Tuesday, July 05, 2005

"The Monkey" by Robert Walser

For those fortunate enough to have read John Collier's absolutely stunning novel, His Monkey Wife, the territory may sound familiar: an intelligent simian in love with a homo sapiens, desperately trying to express that passion. In this case, a monkey woos an elegant woman who may--or may not--give in to his advances.

Like many other great writers, Robert Walser ended his life in an insane asylum, having given up on writing but not on long walks through the countryside. He had already written over a thousand short works of prose, several novels (half of which have been lost), and numerous poems--so we know what influenced Kafka and why Hesse was envious. Susan Sontag's introduction to his Selected Stories, translated chiefly by Christopher Middleton, calls the Swiss native "a Paul Klee in prose ... A cross between Stevie Smith and Beckett ... the missing link between Kleist and Kafka." He reminds us of another unique Swiss "outsider" artist, the painter and composer Adolf Wolfi, who also ended his life in an asylum. Maybe now you're beginning to sense that this is a very interesting writer, indeed.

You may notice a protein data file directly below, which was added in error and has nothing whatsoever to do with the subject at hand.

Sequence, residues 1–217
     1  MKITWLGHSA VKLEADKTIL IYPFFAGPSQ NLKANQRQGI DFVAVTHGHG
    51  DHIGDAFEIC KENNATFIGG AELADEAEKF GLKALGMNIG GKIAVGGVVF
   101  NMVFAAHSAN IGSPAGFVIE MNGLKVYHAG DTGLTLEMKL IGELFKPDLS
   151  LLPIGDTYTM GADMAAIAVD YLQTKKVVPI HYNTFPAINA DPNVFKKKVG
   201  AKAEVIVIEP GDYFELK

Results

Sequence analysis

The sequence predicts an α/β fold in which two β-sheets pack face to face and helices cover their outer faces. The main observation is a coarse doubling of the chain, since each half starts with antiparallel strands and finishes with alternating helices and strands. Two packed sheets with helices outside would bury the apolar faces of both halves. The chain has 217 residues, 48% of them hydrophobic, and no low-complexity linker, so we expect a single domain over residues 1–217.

Another very interesting writer is Patricia Powell, a native of Jamaica who now makes her home in the United States. Her novels to date are: Me Dying Trial, A Small Gathering of Bones, and The Pagoda; we are anxiously awaiting her fourth. She has won so many awards and received so many accolades it would be impossible to list them all here, but get to your local bookstore posthaste and start scanning the stacks--you will find her.

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